Healthcare Business

Capital Infusions Are More Evidence of a Biotech Turnaround

The collapse of biotech giant Valeant Pharmaceuticals International Inc. (NYSE: VRX) has accelerated and possibly prolonged the biotech decline, infecting the entire sector. While negative news from the company and its management remain within the scope of mainstream media, the wider sector may continue to drag. Since May 12 however, it looks as though biotech has made three higher lows already, a bullish technical stepping stone pattern. Using the iShares Nasdaq Biotechnology Index ETF (NASDAQ: IBB) as a proxy, after bottoming at $240 in February, a higher low was made on March 17 at $247 and again on May 12 at $251.

The technicals also have some level of confirmation from other sources. Since May 19, biotech has had four consecutive days of gains for a total of 7%. More significantly though, companies in need of cash have been equity financing and several initial public offerings (IPOs) have exceeded expectations. Companies across all markets finance when sentiment is positive, which is usually followed by stock prices. Here are four companies that have just either closed fresh financing rounds or issued IPOs that exceeded price expectations.


Intellia Therapeutics Inc. (NASDAQ: NTLA) just listed on the Nasdaq via a May 6, 2016, IPO. The company priced the IPO at $18 a share, aiming to issue 6 million shares. If positive sentiment is indeed present in the biotech space, we would expect to have seen this pricing met and exceeded — and we did, in spades. Intellia is now trading at over $29, 61% higher than its IPO price.

Intellia raised $112 million from the IPO, trading above its target price the whole of its opening day and eventually selling a total of 6.9 million shares. The company is aiming to use its raise to push its CRISPR/Cas9 technology through clinical development. Its lead target is liver disease, which the company is developing in collaboration with Regeneron Pharmaceuticals.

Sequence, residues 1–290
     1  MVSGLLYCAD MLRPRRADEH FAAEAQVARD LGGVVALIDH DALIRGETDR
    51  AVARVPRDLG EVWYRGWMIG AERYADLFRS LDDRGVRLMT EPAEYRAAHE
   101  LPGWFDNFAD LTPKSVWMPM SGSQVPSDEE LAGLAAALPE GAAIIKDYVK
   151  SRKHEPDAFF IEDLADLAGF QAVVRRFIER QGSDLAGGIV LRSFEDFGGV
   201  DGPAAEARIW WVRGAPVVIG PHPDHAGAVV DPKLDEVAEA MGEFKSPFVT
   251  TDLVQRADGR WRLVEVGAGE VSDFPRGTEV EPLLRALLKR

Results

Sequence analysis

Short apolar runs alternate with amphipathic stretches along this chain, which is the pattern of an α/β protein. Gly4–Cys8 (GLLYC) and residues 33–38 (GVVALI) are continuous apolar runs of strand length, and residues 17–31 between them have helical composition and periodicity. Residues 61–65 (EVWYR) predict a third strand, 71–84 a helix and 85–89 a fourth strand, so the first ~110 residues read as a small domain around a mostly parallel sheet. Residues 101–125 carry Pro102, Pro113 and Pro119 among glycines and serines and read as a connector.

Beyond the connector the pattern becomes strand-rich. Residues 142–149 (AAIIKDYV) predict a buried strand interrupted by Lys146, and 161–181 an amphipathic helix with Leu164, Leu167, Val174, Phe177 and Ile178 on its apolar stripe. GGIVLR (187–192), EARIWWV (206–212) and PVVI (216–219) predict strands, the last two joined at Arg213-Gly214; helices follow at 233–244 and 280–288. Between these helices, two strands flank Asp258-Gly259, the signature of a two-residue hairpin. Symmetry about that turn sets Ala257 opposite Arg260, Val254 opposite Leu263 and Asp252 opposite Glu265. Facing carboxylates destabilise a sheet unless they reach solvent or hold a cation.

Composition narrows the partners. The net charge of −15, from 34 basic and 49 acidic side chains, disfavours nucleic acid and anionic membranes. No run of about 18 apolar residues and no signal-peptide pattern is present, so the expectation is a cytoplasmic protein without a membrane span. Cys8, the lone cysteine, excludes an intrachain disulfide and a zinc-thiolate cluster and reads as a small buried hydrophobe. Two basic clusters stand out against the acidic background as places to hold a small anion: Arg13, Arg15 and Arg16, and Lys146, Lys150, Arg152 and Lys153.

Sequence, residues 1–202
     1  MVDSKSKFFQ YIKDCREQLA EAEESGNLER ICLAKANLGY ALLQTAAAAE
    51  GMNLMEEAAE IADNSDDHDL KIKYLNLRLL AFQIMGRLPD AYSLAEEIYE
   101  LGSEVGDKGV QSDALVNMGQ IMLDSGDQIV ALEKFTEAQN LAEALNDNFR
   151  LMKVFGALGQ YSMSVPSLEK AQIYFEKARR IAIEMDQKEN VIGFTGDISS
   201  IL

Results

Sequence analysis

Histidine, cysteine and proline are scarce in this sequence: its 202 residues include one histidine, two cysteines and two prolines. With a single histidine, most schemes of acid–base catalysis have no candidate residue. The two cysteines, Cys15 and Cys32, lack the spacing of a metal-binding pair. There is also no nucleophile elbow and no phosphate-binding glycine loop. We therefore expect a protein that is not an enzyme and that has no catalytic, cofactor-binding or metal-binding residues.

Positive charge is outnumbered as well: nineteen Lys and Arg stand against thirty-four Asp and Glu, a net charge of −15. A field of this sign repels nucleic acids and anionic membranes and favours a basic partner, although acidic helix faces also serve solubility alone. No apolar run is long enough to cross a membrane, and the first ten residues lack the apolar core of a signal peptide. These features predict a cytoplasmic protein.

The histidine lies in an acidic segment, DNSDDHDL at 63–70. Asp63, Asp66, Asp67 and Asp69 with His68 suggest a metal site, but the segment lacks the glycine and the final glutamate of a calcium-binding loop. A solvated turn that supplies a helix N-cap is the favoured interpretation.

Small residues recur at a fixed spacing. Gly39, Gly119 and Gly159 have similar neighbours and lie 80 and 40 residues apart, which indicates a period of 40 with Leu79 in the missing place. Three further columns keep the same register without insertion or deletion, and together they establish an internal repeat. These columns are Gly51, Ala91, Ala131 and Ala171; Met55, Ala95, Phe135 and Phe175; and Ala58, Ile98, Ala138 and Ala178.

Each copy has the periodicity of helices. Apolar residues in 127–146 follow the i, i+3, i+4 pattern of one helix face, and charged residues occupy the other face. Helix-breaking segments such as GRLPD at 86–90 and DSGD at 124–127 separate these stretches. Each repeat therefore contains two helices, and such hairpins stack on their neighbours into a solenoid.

Last time biotech had a similar correction in Feb./March 2014, a whole host of companies picked the reversal point in sentiment to go public. Recro Pharma Inc. (NASDAQ: REPH) hit the Nasdaq on March 10, 2014, at $7.75. By September last year, the company traded for highs of $17.11. Aquinox Pharmaceuticals Inc. (NASDAQ: AQXP) followed suit. Two years later, it looks like Intellia is doing the same.


Merus B.V. (NASDAQ: MRUS) has collected big name backers across the past few years, with a roster of investors that includes big name pharmas Novartis, Johnson & Johnson and Pfizer. It’s a Dutch biotech outfit, with a solid tumor focus. The lead candidate, MCLA-128, is in Phase 1/2 across three different indications — breast, colorectal and ovarian cancer — and based on data due before year end, could expand into gastric and non small cell lung cancer indications by early 2017.

Until recently, this incumbent-backed company remained off limits to public markets. It has just gone public with net proceeds of $56.7 million. The company first tried to go public early last year, but delayed based on what it then deemed unfavorable conditions. Fast forward to May 2016, however, and that it just listed suggests its management, and that of its backers, feel conditions have returned to favorable.

OpGen and DelMar

Smaller companies are having their day as well. On May 12, OpGen Inc. (NASDAQ: OPGN) announced the pricing of a $10 million private placement. The numbers are one thing, but more important is what OpGen intends to do with the capital. The vast majority is earmarked to support the sales and marketing efforts of the company’s diagnostics products. No company, biotech or otherwise, raises equity-based capital specifically to drive sales efforts if it doesn’t believe there is a thriving market for the product. That OpGen has picked now to raise in order to spend on marketing, and that markets have been responsive to its issue, is indicative of recovery.

DelMar Pharmaceuticals trades over the counter and is developing VAL-083, an oncology drug for the treatment of refractory glioblastoma multiforme. The company is set to meet with the FDA before the close of the quarter to discuss a Phase 3 study design and has already picked up orphan designation for the drug. On May 5, DelMar reported the closing of a private placement that saw the company pick up gross proceeds of $5.6 million.

DelMar intends to use the funds to shore up an application for an uplisting to Nasdaq. Many institutions require a senior exchange listing before they will look at a potential investment, regardless of the company’s fundamentals. Again, companies generally don’t seek uplistings or equity financing unless there is bullish market sentiment.

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